Young Chinese girls revive 1,200-year-old porcelain leaf cup making techniques

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cbrace
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Thu Jan 14, 2021 7:58 am

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[Found on the People's Daily]
Tu Jinge and Yu Huihui, graduates from Nankai University in China, have dedicated themselves to revitalizing traditional techniques in making porcelain leaf cup, a traditional craft originated in Ji’an, east China’s Jiangxi province.

As an unique invention of Jizhou Kiln, a famous porcelain kiln in ancient China, the porcelain leaf cup making techniques featuring the integration of a whole tree leaf into porcelain ware, have a history of over 1,200 years and have been included into China's national list for intangible cultural heritage.

Tu first met porcelain leaf cups in 2016, when she was a postgraduate student of the College of Tourism and Service Management of Nankai University.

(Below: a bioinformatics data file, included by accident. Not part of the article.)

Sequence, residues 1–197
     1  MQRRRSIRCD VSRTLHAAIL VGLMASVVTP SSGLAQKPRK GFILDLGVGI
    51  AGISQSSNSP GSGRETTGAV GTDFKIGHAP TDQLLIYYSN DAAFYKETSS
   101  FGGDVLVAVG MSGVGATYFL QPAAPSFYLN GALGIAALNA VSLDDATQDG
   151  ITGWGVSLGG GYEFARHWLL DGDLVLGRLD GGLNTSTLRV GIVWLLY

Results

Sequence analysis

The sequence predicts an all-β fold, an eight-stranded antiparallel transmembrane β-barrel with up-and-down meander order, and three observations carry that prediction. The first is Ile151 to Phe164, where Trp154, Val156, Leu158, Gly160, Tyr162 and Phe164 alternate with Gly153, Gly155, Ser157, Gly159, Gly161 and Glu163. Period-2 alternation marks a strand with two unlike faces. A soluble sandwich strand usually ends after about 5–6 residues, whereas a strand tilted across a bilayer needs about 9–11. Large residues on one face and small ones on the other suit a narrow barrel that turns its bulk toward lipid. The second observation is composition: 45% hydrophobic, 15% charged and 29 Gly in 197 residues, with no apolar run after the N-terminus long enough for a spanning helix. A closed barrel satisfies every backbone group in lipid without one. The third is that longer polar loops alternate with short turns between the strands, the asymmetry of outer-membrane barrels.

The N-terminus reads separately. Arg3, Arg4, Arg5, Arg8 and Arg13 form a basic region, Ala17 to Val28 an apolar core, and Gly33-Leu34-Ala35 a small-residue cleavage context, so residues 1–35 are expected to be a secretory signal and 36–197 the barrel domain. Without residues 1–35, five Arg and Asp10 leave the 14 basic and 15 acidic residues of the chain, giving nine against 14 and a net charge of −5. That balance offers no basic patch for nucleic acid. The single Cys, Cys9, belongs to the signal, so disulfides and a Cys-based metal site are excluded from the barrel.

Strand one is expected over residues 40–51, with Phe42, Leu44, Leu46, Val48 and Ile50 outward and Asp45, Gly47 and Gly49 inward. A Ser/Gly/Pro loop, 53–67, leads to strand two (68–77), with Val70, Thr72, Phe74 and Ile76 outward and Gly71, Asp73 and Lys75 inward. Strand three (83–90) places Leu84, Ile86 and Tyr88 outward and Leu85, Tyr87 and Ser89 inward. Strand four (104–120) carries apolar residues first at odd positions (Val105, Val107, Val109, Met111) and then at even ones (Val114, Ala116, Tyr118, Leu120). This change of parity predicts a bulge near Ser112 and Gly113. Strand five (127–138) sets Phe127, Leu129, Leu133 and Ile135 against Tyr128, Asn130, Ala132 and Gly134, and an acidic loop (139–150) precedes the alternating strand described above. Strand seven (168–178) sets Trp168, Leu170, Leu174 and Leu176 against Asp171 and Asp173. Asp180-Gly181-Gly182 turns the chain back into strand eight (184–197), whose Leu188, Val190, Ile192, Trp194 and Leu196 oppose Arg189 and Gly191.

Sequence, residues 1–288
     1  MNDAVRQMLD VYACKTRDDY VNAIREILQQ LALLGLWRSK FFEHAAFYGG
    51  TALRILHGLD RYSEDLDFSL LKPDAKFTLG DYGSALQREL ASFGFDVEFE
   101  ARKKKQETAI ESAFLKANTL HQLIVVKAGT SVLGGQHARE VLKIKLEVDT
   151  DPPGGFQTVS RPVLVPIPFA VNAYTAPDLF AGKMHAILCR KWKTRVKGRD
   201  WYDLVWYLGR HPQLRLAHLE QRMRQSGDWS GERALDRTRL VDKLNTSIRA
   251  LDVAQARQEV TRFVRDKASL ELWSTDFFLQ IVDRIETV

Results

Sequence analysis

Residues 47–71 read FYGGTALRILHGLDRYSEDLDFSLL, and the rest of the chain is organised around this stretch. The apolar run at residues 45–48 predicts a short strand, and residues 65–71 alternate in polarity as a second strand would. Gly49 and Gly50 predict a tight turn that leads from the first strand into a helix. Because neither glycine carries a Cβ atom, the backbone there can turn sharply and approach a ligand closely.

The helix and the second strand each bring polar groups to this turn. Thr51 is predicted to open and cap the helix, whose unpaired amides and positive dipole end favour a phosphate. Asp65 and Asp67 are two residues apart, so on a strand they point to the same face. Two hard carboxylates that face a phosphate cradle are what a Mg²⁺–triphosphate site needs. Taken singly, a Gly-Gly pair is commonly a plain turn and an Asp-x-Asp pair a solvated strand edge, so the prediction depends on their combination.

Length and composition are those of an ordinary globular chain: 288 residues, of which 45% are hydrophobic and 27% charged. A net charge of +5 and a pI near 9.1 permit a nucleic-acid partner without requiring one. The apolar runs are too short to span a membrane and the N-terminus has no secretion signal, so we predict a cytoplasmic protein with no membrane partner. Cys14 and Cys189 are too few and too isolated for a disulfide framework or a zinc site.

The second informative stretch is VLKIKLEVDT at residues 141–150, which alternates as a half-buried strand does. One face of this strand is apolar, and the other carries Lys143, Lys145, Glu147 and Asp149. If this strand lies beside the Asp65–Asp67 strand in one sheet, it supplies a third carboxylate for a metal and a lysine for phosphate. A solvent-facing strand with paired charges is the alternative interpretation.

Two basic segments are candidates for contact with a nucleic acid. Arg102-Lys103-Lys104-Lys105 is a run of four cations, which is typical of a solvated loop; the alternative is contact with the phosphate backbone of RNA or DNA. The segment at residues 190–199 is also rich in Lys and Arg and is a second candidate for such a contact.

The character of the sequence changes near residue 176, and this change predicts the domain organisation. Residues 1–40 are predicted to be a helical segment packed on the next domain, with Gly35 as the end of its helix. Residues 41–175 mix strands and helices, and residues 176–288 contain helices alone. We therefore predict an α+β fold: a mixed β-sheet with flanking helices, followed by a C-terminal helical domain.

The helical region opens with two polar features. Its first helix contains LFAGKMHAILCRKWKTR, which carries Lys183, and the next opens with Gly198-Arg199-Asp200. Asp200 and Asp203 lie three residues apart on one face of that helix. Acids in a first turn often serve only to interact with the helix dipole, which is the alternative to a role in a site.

She was deeply impressed by the craft, thinking that it was indescribably wonderful that after being burned in the kiln, natural leaves emerged unscathed and integrated into the porcelains.

The post-90s postgraduate student then became enchanted by the intangible cultural heritage.

In the same year, Tu and her friend Yu Huihui took a trip to the ruins of the ancient Jizhou Kiln located in Yonghe township, Ji'an county, Ji’an city of Jiangxi province, trying to learn more about the techniques behind the special leaf cups.

During the trip, they came across Wen Qiu, a post-80s craftsman engaging in making porcelain leaf cups, and learned that the craft was facing gloomy development prospects due to unstable output and quality, as well as a lack of marketing channels.

Such marvelous works of art and exquisite craftsmanship deserve to be seen by more people, thought Tu, who decided to make efforts and help promote the intangible cultural heritage.

The main reason why intangible cultural heritage seems far away for ordinary people is that the design of relevant products doesn't suit the market, they thought.

"We hope to innovate designs and then sell the products through e-commerce platforms," Yu said.

They encouraged Wen, who is skilled at developing colors of glaze, to create new types of glaze and helped him select pigments for the new glaze.